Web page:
Paul Mayerowitz of Ocean Township was six days into a Mexico vacation with only one mention of mosquitoes – during an excursion into a jungle nature preserve… Zika is carried through the bite of the tropical dwelling Aedes aegypti mosquito. The mosqu…
Get ready for a tug-of-war this winter. There’s no question that December’s 60- and 70-degree temperatures are gone for good, at least until spring. But for the next few months, expect a battle in the east between mild air from the south and cold air from the north. And you can blame it on El Nino. We’ve entered into a period where we’re going to see more week-to-week and day-to-day fluctuations in terms of temperatures, storm threats and intervals where it’s dry,” said state climatologist David Robinson. “It’ll be a lot of volatility.”
A nor’easter may dump 4 to 12 inches of snow in most of northern and central New Jersey Wednesday and trigger major East Coast travel woes, according to forecasters. “It’s just going to be nasty traveling Wednesday, Wednesday night,” said David A. Robinson, the New Jersey state climatologist. “Even if it’s rain, it’s going to be a wind-swept rain, and where it snows, it’s going to obviously make for even worse travel…” Robinson, a geography professor at Rutgers University, said “the forecast warrants some the real careful attention.” The storm “definitely has (the) potential of having the most impact on New Jersey of any storm thus far” this season, he said.
A new project launched by Rutgers aims to help parents creates healthier, happier, safer homes and lifestyles. Parents have so many time and budget pressures these days, it makes it a challenge to be sure their kids have what they need to grow up healthy. “We spent thousands of hours surveying, observing, and talking to parents across New Jersey to find out what we could do to help them do an even better job raising their kids,” says Carol Byrd-Bredbenner, Rutgers Professor. “We used all this information to create the new HomeStyles program.”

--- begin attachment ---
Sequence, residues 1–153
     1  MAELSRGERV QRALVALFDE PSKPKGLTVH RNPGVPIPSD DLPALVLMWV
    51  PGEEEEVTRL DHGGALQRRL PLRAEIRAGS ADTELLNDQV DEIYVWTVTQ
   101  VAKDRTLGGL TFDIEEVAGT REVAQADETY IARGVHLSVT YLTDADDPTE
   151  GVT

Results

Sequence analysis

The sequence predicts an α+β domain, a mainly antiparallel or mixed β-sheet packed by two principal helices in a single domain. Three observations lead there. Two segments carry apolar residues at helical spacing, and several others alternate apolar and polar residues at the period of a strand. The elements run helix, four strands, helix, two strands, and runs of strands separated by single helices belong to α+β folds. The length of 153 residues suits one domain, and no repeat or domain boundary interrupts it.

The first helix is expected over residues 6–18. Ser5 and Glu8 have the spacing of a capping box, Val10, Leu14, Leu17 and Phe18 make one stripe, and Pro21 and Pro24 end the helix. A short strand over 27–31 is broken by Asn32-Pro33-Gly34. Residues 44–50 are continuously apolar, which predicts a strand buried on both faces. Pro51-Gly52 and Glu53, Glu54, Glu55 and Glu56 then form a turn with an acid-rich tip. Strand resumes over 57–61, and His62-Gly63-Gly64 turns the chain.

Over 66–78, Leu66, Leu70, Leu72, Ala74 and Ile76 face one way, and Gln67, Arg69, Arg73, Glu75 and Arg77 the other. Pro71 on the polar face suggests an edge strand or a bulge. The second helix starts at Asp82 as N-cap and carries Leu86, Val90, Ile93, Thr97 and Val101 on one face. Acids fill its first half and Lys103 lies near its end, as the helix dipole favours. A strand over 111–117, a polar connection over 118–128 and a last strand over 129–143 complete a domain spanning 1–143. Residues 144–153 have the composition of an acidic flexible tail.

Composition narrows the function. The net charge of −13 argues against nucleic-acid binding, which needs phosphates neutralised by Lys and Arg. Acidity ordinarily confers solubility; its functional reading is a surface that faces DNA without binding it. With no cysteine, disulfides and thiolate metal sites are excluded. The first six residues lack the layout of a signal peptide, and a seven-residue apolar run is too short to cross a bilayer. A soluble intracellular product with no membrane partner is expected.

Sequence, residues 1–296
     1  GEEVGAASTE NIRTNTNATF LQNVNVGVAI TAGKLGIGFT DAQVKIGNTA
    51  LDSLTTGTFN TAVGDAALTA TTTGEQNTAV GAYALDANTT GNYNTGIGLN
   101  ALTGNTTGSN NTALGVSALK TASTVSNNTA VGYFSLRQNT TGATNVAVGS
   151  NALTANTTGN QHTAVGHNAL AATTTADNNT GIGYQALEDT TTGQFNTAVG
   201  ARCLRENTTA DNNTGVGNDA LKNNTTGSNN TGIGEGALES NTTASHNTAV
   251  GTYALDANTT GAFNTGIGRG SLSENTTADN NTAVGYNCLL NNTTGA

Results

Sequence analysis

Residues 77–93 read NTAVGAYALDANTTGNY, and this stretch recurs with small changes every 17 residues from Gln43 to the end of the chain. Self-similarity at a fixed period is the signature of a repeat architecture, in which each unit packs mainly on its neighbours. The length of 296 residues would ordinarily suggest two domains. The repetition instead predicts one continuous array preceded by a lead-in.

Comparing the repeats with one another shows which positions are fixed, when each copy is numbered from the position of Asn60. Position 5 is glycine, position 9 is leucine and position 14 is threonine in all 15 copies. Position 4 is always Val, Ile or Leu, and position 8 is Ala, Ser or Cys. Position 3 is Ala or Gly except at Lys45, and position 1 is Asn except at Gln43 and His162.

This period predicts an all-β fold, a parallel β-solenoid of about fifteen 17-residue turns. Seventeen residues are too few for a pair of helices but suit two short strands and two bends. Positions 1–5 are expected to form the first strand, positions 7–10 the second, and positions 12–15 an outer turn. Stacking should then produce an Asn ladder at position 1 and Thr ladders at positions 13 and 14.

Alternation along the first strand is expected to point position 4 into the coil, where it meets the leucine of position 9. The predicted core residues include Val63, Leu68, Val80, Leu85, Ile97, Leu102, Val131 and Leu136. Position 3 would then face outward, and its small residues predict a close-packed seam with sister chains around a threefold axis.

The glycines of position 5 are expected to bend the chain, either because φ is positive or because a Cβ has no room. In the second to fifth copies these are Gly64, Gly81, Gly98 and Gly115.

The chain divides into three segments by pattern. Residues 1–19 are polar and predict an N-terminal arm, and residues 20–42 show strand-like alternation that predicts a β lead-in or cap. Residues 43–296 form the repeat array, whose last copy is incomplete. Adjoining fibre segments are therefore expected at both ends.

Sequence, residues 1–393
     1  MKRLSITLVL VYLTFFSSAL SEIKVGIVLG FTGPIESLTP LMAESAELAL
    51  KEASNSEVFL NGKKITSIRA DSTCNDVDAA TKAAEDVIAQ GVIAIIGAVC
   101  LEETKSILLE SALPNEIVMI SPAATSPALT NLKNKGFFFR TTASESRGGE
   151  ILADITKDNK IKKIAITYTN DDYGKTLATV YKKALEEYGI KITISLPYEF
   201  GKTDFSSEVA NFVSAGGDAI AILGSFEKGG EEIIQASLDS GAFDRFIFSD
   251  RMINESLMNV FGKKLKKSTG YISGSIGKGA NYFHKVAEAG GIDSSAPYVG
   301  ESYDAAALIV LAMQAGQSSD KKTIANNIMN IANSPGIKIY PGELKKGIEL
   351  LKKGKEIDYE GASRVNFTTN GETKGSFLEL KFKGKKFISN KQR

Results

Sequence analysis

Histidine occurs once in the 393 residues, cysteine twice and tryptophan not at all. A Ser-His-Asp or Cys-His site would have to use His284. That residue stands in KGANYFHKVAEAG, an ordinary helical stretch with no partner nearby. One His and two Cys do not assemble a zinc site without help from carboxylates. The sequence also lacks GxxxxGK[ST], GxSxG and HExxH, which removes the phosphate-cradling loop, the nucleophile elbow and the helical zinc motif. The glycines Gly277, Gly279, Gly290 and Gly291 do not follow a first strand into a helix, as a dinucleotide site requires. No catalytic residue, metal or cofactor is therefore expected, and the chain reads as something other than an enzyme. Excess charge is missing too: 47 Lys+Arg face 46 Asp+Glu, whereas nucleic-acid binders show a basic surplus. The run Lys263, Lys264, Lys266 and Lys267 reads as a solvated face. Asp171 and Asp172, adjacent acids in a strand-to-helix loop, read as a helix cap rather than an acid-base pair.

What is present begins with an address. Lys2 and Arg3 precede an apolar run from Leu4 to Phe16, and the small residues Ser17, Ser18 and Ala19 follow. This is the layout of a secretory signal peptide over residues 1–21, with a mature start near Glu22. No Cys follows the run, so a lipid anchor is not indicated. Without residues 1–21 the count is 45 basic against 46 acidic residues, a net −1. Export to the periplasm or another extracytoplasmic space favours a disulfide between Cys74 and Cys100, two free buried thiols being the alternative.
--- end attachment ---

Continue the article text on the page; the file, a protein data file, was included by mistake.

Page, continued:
The Atlantic hurricane season is about as quiet as last year, with only five named storms so far – but it’s way too soon to relax. A devastating storm could still develop during a quiet season and coastal residents must be prepared, experts stress…As for this season, David A. Robinson, a geography professor at Rutgers University and New Jersey state climatologist, said superstorm Sandy was the “S storm” in 2012 and “there’s no way we’re going to get to S this year. Conversely, the Eastern Pacific has gone wild,” he said. The hurricanes have been “powerhouses and they started the season with a couple of (Category) 4s.”
Excited talk of underwater robots, food webs and climate change filled the air at a weeklong teacher workshop at Rutgers University for Project CONVERGE, a program that will bring “real science” into area classrooms…Led by chief scientists and oceanographers Josh Kohut of Rutgers and Matt Oliver of the University of Delaware, the workshop is the kickoff for a year-long collaboration. The teachers’ students will become part of the Project CONVERGE team. Through blogs, interactive online classroom sessions and video conference calls, the middle-schoolers will get to know researchers in Antarctica and their work.
Did you encounter dangerous floodwaters last week? The torrential rains that led to flash flooding on Aug. 12-13 were quite rare in some areas of New Jersey and New York, according to experts…In New Jersey, the 8.94 inches of rain that fell at the Mi…
Not so long ago, Ken Probst and his family would enjoy a leisurely summer swim in the Barnegat Bay behind their Lacey home without the fear of pain. Their neighborhood of hundreds of modest, lagoon-fronted ranch homes sits on the Forked River of Lacey,…
Rugters’ researcher Michael Kennish says that storm run-off and overpopulation is killing the Barnegat Bay.
Two years after hearing a scientist’s dire warning on Barnegat Bay, New Jersey lawmakers heard how the bay’s degradation appears to be spreading south from Ocean County’s biggest suburbs. The northern end of the 42-mile-long estuary already has crippled water quality, a trend that has accelerated during the last 20 years, Rutgers University research professor Michael Kennish told a joint meeting of the Legislature’s environment committees. “The situation has not gotten better; it’s gotten worse in term of nutrients,” said Kennish, who leads the university’s Barnegat Bay science efforts and is an author of a recently updated report on the bay’s conditions.